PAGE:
Wilson-Raybould said she rejects the notion that an independent MP cannot be a bringer of things to a riding, noting the boundaries of Vancouver-Granville are simply that.
She pointed out housing is an issue across the city and interconnected to “so many other issues,” although she didn’t define which ones.
“We can’t ignore one riding simply because there’s an independent here,” she said.
“I will always reject the type of politics that places dollars or influence in ridings where there’s political power. That’s not the way to build a country, or address these issues.”
Despite her dismissal from the Liberals, Wilson-Raybould said she was proud of her accomplishments in government as a minister. She noted she introduced 14 pieces of legislation, including the assisted dying law, legalization of cannabis and reforms to the Criminal Code of Canada.
She was also a serving member of the government when Trudeau and his cabinet announced they would support the expansion of the Trans Mountain pipeline from Alberta to Burnaby.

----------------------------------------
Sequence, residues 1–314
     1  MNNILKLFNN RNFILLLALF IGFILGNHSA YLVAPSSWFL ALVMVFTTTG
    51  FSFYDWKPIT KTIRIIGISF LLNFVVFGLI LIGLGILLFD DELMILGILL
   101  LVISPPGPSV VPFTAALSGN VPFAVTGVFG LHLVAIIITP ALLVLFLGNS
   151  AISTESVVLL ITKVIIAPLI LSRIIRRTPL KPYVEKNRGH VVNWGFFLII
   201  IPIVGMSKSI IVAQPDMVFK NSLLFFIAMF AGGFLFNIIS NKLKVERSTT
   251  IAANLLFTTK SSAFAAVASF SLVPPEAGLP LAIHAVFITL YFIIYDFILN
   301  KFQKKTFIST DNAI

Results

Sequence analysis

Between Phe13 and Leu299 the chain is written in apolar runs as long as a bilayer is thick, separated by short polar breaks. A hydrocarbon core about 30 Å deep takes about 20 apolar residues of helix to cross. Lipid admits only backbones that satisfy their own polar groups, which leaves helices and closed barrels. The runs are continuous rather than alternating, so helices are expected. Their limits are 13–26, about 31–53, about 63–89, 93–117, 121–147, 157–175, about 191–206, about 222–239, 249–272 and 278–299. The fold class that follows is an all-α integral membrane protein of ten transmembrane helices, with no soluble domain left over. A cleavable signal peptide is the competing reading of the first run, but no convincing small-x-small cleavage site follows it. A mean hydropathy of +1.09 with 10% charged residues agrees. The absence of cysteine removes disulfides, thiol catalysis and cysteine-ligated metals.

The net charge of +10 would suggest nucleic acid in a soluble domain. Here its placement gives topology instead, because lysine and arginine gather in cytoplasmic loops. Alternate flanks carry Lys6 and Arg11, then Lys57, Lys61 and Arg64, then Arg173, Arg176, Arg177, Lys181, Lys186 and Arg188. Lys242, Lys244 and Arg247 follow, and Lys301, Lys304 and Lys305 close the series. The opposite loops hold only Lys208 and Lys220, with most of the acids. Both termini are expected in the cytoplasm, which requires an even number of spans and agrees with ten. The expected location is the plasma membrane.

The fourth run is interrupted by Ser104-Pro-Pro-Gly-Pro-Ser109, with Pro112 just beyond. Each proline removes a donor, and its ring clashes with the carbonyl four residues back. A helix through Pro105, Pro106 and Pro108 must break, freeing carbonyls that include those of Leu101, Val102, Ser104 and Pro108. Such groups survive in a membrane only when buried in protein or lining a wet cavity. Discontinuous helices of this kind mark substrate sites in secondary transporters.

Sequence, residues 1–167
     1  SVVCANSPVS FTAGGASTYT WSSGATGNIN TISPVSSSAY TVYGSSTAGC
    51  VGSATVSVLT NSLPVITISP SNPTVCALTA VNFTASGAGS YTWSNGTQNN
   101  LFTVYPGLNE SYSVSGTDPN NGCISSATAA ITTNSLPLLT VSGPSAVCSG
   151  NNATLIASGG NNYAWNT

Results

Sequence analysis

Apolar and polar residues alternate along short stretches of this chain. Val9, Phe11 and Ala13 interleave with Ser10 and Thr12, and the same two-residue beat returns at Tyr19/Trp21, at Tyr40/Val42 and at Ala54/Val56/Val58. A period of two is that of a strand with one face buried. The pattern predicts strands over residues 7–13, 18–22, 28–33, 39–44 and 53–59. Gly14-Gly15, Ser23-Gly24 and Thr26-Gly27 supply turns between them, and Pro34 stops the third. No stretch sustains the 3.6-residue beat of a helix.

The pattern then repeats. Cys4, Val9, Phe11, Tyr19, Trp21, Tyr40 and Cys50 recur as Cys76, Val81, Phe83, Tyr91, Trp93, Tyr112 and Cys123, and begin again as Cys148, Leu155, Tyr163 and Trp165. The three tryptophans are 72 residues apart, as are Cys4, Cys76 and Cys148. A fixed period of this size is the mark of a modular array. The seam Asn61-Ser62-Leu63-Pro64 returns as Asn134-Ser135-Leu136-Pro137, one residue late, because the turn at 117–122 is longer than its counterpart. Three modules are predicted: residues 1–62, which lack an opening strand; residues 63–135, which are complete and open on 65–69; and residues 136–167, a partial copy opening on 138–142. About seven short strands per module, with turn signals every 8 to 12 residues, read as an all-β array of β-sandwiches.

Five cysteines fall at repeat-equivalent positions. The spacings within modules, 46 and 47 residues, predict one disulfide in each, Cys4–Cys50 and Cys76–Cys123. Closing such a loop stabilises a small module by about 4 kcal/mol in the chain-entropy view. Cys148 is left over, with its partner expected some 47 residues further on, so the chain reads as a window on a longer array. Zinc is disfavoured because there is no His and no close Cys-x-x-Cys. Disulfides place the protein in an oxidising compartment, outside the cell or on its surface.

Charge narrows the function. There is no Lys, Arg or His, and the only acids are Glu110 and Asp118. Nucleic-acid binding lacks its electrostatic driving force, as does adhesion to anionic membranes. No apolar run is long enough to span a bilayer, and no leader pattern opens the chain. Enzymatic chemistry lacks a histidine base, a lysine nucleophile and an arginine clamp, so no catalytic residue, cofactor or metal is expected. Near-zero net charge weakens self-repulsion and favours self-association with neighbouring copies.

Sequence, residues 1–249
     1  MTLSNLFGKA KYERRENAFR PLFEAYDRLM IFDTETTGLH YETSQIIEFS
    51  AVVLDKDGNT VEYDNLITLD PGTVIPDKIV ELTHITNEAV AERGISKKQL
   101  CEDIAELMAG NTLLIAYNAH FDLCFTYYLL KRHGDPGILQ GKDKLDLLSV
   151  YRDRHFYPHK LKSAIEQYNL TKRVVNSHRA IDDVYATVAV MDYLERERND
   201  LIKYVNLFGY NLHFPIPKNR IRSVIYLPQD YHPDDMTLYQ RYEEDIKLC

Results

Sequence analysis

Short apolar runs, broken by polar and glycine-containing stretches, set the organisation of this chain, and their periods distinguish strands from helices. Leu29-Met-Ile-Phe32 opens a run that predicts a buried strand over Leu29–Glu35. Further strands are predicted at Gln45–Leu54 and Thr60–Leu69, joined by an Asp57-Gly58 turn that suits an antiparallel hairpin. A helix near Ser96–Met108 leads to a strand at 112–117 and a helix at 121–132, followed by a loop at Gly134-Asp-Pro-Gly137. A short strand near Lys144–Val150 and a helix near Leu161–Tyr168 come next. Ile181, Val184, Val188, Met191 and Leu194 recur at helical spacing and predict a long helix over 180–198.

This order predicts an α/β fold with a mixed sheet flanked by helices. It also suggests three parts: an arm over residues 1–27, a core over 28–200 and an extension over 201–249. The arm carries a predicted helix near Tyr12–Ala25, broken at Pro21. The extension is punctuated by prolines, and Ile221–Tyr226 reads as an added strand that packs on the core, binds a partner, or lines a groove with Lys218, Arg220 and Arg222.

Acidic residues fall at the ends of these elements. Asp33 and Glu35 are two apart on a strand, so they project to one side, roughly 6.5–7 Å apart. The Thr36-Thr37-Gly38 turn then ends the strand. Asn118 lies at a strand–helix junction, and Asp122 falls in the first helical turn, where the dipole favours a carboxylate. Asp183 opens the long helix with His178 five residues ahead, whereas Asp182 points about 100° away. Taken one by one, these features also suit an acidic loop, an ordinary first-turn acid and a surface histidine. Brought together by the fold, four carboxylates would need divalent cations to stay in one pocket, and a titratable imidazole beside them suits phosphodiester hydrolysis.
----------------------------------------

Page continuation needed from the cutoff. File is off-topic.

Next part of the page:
The government then bought the pipeline, triggering protests in Vancouver and across the country, although the pushback didn’t appear to hurt Wilson-Raybould at the polls.
She will now serve in a minority government and sit in the House of Commons with many former Liberal colleagues, which could make for some awkwardness. She was the only independent to get elected Monday, with her colleague Jane Philpott failing in her independent run in Ontario. Philpott was another Liberal cabinet minister who left the party last term.
“I’m very comfortable sitting wherever my seat will be in the House of Commons,” she said.
“And I will always be willing to work with other members of Parliament — whoever forms government — and work with the Opposition and work across party lines to get things done, and to speak up when I think things can be improved. There’s no awkwardness for me in doing that. There might be on behalf of other people, but not for me.”
Wilson-Raybould is married to Dr. Tim Raybould, who joined her on stage during her speech, and is a descendant of the Musgamagw Tsawataineuk and Laich-Kwil-Tach peoples. She is a member of the We Wai Kai Nation.
She is a former Crown prosecutor, treaty commissioner and B.C. Assembly of First Nations regional chief, serving 10 years as an elected official before being asked by Trudeau to join the Liberals, which won 157 seats Monday — a loss of 27 from the 2015 race. The Conservatives won 121 seats and the NDP finished with 24.
Note: This story has been updated since first posted.